By Holly Reisem Hanna
It just so happens that Girl Scout cookie selling season coincides with many direct sales companies spring line launches.
Like you with your direct sales business, my daughter has set goals for her cookie business this year. In fact, she decided to double the number of boxes she sold from the previous year so that the troop can attend a much-coveted overnight campout at Sea World. While 150 boxes may not sound like a lot of cookies — when you physically have them in hand, it’s a lot.
The first few days of cookie sales are always fun and exciting, but as time goes on I begin to wonder …“Will we ever reach our goal”?!
Can you relate?
If you're interested in selling more and making more money this season, here are some great tips I've learned from helping my daughter sell Girl Scout cookies.
The Early Bird Gets the Worm.
As they say, “The early bird gets the worm” and this couldn’t be more true than when it comes to selling cookies or your new spring direct sales line. When your new product line launches you’ll want to reach your prospects first, so that they are more likely to buy and book a party with you. Wait too long and you’ll soon find that they’ve already been approached.
One way to make sure you’re the early bird is by doing some pre-planning. Send out an email or social media update letting your clients know when the new line comes out. Offer an incentive for booking early — we like to entice people with free local delivery of cookies.
When you’re trying to sell your products, it’s always easiest when you personally know the individual. For instance, when we went door-to-door selling cookies, we always sold double or triple the amount to people we knew versus the people we did not know. This goes back to the simple principle that people buy stuff from people they know, like, and trust.
The first thing you need to do as a direct sales consultant is make yourself visible. This can be done through social networks like Facebook, Instagram, and Twitter. Also consider attending networking events, conferences, and becoming part of your local chamber of commerce. You can also participate in speaking events or volunteer activities where you’re out meeting new people. The like and the trust factors are built over time through positive interaction and most importantly, being yourself.
Once you’ve developed the know, like, and trust into the relationship, you’ll find that people are willing to take the relationship further by offering word of mouth referrals. In fact, this cookie season we sold a good a third of our cookies through word of mouth referrals. So make sure you’re taking time to cultivate and nurture relationships before, during, and after the sale. People don't like being approached only when you want something from them.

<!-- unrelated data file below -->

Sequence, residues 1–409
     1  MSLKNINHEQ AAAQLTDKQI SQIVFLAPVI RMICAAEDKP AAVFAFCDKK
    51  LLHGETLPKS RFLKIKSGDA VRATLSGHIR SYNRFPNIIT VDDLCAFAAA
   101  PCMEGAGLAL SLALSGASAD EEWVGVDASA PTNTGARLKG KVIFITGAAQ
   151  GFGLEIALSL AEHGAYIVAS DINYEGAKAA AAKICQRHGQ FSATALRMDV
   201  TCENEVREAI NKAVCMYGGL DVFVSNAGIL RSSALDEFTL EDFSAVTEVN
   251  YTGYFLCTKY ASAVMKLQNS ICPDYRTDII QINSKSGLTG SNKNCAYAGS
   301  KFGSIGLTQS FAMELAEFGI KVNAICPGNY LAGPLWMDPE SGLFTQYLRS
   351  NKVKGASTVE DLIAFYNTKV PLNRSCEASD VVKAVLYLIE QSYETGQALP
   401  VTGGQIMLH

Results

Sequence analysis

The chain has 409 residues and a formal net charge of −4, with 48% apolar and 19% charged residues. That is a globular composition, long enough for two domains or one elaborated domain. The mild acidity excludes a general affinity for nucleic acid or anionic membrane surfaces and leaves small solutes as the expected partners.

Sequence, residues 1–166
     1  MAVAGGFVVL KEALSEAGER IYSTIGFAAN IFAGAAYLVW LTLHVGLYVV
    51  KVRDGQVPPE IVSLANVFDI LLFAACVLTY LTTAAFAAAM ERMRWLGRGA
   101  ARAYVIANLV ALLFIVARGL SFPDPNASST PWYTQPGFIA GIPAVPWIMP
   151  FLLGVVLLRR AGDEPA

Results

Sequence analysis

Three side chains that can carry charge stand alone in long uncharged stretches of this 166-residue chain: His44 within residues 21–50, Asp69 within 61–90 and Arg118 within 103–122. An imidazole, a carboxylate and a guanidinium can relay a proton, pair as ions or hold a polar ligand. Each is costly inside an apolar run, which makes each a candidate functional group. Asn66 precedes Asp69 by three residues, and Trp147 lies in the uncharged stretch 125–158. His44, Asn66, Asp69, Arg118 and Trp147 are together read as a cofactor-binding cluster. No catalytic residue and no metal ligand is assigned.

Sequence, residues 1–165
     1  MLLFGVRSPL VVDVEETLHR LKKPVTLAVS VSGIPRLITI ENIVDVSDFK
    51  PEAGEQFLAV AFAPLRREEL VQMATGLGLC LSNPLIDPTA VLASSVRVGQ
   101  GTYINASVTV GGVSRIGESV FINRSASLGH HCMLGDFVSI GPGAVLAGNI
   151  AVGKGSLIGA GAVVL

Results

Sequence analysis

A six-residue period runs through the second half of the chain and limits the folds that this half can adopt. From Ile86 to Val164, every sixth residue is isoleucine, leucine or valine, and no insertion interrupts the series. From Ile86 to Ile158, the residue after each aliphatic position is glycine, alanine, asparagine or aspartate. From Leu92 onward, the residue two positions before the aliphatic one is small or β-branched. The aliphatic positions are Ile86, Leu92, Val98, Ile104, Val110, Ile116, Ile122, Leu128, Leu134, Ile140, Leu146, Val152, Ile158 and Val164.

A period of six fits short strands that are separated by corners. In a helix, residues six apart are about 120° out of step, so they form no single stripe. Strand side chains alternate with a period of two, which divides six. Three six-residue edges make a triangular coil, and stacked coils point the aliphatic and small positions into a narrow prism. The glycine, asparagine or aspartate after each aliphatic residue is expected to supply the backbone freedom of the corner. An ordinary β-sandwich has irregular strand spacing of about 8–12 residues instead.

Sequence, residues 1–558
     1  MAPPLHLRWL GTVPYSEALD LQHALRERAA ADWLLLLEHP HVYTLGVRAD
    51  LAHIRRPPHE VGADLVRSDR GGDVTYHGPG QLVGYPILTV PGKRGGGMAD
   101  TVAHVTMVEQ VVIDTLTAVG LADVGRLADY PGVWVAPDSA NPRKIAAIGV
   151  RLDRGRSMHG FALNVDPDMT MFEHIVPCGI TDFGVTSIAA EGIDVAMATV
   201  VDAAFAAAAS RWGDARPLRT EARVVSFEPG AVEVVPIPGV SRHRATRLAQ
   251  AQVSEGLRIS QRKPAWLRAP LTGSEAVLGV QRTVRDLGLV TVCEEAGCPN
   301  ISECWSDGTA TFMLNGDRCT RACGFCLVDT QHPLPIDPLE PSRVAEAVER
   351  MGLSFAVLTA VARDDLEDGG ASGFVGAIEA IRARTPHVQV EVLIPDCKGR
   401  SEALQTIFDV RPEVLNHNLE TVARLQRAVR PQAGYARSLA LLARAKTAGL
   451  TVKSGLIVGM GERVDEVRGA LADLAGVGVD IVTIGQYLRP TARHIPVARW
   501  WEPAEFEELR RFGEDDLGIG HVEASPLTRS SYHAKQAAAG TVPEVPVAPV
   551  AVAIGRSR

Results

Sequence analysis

While the majority of our cookie sales were made to local residents, we were able to sell donation boxes to people who were on a diet or lived out of town — but we had to speak up. Make sure that you’re offering your clients alternatives to the standard home shopping party. Perhaps you could suggest a virtual show that’s held through Facebook or via email, or maybe you could suggest a personal one-on-one showing. Often times customers assume there is only one option available, so it is up to you to present alternatives.
I’ll admit it … There were days when I thought we’d be stuck with 50 boxes of cookies. But persistence paid off. One really valuable lesson I’ve learned from selling Girl Scout cookies is that many of the girls go really hard the first couple of weeks, then they lose momentum and abruptly stop. This leaves a wide door of opportunity for the girls and ladies who keep on selling all the way to the end. In fact, many individuals that we sold to near the end of sales, said that they had yet to be approached by a Girl Scout. Just because you feel like everyone’s been approached — it’s simply not true. Continue to push all the way through to the end and you will reap the benefits of more shows and increased sales.
Look the Part.
Who can say “no” to a cute little Girl Scout dressed in her uniform? When you’re out doing a direct sales show, make sure that you look professional. This is especially important for women who are selling beauty, health, fashion or style related products. Like it or not, first impressions do matter and they can make or break the sale. Make sure that you dress to impress, that your mannerisms are friendly, attentive, and warm and most importantly that you convey a sense of positivity, confidence, and enthusiasm.
Always Be Prepared.
Okay, I know this is the Boy Scout's motto, but it applies so nicely to selling more. Wherever you go, no matter what you're doing, bring your business with you. For us, that always meant having Girl Scout cookies in the car. I can't tell you how many times we ran into people, mentioned that we had been selling cookies and they purchased a box or two. Another girl in our troop took this a step further and carried a clear plastic backpack, loaded with cookies and sign that said $4 a box. And yes, people stopped her to purchase cookies. If you're out and about make sure that you at least have a business card or direct sales catalog to hand to prospects. When you're in a store and someone says they like your shade of lipstick, offer them a sample or catalog. The key is to always be prepared — because you never know when an opportunity will present itself.
Have you ever sold Girl Scout cookies? Are you currently involved with a direct sales company? What lessons have you learned along the way?